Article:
Therefore, it is important to look closely at how manipulatives are selected for use in a lesson as “if not used with careful thought, manipulatives can become little more than window dressing” (Stein & Bovalino, 2001, p.357). If students are given freedom in their choice of representation then they will typically pick objects that mean the ideas make the most sense to them (Fennema, 1972). However, just because the student has chosen their own representation, this does not necessarily mean they will understand the concept being addressed any better than before. Whitin (2004) cautioned against letting students choose their own manipulatives as “too much choice could be overwhelming for the children and difficult to manage” (p.181) which will take away from the positive effect manipulative use can have.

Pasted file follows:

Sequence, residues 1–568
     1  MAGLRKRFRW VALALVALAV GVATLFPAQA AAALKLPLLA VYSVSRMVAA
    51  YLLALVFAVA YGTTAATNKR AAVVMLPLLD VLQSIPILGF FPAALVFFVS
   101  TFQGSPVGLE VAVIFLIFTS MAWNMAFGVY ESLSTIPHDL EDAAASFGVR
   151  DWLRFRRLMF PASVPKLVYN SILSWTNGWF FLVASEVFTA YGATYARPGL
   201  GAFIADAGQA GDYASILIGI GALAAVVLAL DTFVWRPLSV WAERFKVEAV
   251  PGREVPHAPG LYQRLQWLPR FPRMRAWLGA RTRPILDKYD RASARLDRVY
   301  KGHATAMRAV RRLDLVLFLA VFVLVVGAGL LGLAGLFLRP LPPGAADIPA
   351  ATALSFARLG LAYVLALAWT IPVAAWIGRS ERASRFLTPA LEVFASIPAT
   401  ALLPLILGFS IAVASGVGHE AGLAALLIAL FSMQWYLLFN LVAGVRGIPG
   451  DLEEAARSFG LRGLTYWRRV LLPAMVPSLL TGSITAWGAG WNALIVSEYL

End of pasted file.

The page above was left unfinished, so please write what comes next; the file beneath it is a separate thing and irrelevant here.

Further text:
Selection of manipulatives is an area that Clements & McMillen (1996) have looked at closely. They offered a series of guidelines for teachers to follow to make sure that they were using manipulatives for the right reasons. Their first guideline was that manipulatives should primarily be selected for children to use themselves. Although they explained, “teacher demonstrations with manipulatives can be valuable” (p.276) the students themselves should primarily use the manipulatives. Marzola (1987) agreed and stated that “although observing the teacher demonstrate a concept with manipulatives has its place in initial instruction, it is important that students themselves become the active agents as soon as possible.” (p.14) Moyer (2002) however, found that this was not usually that case and that “in most cases the lessons were teacher-directed” (p.184) with the teachers demonstrating the manipulatives only or directing their use instead of allowing students to discover for themselves.